My positive review of Sacha Cohen’s Borat on Pajamas generated quite a discussion. A number of folks, many of whom evidently had not seen the movie, were angry with Cohen (and by extension me for praising him) for exploiting innocents from Romania to Texas. I see their point to some very minor extent. It’s nice to be nice, I suppose. Only art isn’t nice, particularly comic art. Aristophanes wasn’t nice. Rabelais wasn’t nice. And even Groucho wasn’t nice to poor Margaret. He was brutal, in fact.
And Cohen is deadly serious in his brutality. But what fascinates me is how many people completely misconstrue him. I heard the same thing on Larry Elder’s radio show the other night on my way home from work. Elder had seen the film and liked it, but some of listeners were registering the same PC objections I read on PJ. One woman was complaining that Borat was being anti-Semitic in his treatment of a kindly Jewish couple at a bed & breakfast, when it was Borat’s primitive anti-Semitism itself that was being lampooned, not the couple. (The film goes so far as to show a crazed and terrified Borat throwing dollar bills at cockroaches he thinks are the incarnation of the kindly couple.)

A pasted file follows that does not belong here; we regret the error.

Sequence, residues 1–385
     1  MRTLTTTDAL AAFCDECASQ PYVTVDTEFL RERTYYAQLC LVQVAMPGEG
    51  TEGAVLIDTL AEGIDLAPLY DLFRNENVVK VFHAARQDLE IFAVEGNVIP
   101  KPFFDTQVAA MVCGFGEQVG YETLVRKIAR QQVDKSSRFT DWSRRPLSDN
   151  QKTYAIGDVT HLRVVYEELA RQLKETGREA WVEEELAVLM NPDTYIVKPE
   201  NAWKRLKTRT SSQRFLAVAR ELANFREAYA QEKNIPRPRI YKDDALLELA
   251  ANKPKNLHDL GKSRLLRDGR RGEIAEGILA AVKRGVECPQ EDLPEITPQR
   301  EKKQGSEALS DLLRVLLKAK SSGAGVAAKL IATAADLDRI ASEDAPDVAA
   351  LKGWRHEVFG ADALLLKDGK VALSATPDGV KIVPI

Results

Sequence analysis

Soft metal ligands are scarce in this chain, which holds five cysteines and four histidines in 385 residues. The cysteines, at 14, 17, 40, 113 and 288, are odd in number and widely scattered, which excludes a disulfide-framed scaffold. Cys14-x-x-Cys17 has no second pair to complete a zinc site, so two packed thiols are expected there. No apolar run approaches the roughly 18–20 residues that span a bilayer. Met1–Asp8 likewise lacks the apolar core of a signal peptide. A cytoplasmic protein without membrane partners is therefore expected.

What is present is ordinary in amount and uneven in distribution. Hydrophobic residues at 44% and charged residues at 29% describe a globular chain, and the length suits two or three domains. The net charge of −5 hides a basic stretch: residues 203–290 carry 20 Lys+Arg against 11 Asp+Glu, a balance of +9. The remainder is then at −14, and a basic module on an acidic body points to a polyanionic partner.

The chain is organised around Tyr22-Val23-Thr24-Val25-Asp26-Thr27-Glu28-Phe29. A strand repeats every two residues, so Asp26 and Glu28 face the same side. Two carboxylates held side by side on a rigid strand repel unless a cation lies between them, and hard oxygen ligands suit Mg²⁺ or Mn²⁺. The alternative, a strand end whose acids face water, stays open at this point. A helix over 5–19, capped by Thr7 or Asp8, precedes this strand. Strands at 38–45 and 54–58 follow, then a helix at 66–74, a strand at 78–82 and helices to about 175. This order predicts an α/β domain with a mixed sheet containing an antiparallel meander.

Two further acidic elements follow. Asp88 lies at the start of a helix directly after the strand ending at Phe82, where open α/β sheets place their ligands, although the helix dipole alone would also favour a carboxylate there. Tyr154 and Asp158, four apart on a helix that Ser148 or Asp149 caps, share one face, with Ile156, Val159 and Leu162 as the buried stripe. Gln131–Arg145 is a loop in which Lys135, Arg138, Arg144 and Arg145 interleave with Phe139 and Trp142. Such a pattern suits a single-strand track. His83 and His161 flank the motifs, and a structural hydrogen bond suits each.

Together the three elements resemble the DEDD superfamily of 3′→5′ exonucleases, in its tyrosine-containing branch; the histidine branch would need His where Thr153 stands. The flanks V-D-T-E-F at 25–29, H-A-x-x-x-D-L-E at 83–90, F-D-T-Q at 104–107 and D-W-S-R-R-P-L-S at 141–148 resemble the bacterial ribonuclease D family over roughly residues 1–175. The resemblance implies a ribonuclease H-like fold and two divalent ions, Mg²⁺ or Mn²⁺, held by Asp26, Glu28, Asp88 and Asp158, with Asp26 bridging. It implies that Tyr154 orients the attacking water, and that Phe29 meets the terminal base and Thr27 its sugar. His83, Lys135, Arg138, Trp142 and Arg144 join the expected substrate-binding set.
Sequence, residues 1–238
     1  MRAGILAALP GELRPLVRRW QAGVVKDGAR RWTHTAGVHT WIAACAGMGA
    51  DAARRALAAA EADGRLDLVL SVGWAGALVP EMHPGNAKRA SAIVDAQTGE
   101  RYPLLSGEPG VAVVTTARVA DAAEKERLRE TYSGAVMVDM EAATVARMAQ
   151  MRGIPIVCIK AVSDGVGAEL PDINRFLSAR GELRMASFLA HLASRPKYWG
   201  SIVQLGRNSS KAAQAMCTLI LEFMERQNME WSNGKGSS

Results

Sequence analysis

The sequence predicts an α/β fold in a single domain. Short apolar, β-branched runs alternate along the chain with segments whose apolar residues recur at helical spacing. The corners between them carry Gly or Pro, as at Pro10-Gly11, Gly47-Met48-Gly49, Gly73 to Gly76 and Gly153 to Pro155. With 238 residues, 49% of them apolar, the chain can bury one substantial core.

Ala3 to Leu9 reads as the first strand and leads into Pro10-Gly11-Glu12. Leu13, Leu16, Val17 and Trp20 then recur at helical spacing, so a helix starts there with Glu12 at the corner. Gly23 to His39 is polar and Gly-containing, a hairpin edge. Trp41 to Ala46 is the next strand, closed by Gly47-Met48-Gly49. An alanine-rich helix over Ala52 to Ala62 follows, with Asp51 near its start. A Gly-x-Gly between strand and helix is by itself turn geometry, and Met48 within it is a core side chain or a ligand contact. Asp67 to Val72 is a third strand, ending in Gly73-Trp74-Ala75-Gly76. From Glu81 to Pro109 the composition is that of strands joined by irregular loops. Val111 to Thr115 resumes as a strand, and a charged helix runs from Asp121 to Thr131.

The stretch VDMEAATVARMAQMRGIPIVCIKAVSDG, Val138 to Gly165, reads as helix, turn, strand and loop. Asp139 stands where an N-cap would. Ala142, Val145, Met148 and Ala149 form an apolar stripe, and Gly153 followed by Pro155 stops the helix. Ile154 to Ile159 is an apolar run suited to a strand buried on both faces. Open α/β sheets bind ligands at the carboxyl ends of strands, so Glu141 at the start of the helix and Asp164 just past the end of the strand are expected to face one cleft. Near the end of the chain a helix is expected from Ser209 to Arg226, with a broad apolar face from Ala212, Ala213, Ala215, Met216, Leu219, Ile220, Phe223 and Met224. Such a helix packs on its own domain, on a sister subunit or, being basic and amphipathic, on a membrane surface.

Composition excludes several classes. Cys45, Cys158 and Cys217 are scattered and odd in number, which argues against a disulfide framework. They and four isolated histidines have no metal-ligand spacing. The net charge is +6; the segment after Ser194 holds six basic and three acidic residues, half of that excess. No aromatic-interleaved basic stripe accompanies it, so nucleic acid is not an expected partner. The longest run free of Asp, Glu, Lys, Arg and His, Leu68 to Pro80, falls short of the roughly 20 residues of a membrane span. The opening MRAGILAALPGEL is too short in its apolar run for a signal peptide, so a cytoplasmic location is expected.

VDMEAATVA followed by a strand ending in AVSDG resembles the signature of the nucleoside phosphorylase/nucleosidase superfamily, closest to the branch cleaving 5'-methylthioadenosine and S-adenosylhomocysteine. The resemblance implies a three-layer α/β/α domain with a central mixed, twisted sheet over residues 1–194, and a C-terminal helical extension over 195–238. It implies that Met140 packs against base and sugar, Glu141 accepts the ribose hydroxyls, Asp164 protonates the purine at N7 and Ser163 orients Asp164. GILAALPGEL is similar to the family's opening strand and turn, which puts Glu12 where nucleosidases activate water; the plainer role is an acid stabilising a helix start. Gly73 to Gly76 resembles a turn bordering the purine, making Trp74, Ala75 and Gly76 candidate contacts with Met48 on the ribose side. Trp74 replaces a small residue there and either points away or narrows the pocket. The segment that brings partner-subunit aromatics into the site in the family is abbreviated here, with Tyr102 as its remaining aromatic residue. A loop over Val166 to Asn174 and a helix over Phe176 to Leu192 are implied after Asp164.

It’s almost as if these people didn’t realize Borat was a satirical character and identified him one for one with the actor. Scary. Anyway, the film’s popularity continues unabated. That’s reassuring.